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A beta peptide immunization reduces behavioural impairment and plaques in a model of Alzheimer's disease.

Janus C., Pearson J., McLaurin J., Mathews P.M., Jiang Y., Schmidt S.D., Chishti M.A., Horne P., Heslin D., French J., Mount H.T., Nixon R.A., Mercken M., Bergeron C., Fraser P.E., St George-Hyslop P., Westaway D.

Much evidence indicates that abnormal processing and extracellular deposition of amyloid-beta peptide (A beta), a proteolytic derivative of the beta-amyloid precursor protein (betaAPP), is central to the pathogenesis of Alzheimer's disease (reviewed in ref. 1). In the PDAPP transgenic mouse model of Alzheimer's disease, immunization with A beta causes a marked reduction in burden of the brain amyloid. Evidence that A beta immunization also reduces cognitive dysfunction in murine models of Alzheimer's disease would support the hypothesis that abnormal A beta processing is essential to the pathogenesis of Alzheimer's disease, and would encourage the development of other strategies directed at the 'amyloid cascade'. Here we show that A beta immunization reduces both deposition of cerebral fibrillar A beta and cognitive dysfunction in the TgCRND8 murine model of Alzheimer's disease without, however, altering total levels of A beta in the brain. This implies that either a approximately 50% reduction in dense-cored A beta plaques is sufficient to affect cognition, or that vaccination may modulate the activity/abundance of a small subpopulation of especially toxic A beta species.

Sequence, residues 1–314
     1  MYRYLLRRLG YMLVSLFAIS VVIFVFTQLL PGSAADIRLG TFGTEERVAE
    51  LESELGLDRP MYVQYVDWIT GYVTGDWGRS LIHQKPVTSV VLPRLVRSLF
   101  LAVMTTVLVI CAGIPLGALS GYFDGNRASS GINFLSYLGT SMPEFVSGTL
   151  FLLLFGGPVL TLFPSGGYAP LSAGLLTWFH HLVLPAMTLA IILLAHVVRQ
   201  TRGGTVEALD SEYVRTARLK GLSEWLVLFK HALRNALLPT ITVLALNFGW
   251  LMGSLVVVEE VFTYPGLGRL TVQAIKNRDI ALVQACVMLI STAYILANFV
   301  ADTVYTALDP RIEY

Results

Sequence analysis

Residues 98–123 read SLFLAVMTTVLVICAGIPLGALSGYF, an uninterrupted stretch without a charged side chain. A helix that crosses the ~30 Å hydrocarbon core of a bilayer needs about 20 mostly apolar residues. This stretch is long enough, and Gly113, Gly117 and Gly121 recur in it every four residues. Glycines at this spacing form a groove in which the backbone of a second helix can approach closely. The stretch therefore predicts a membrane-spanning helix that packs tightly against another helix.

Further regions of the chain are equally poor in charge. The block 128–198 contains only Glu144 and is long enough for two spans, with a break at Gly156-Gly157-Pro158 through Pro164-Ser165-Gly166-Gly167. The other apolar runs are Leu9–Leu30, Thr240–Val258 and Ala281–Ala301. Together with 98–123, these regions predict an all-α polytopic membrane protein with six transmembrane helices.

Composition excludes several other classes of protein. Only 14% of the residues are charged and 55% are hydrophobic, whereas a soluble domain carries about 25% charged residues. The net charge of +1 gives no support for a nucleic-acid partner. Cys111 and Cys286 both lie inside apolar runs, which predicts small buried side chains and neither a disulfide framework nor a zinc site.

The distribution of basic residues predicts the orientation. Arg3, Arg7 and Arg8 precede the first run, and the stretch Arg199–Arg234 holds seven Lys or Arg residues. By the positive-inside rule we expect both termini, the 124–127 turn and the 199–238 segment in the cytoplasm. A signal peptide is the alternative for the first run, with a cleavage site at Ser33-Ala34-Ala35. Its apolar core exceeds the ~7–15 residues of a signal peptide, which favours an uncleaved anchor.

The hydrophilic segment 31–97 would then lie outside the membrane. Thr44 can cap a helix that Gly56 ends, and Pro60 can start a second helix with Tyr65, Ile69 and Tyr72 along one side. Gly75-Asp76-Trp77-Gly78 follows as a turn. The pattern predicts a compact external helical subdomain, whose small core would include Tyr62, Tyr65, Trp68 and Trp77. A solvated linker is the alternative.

Nature 408:979-982(2000) [PubMed] [Europe PMC]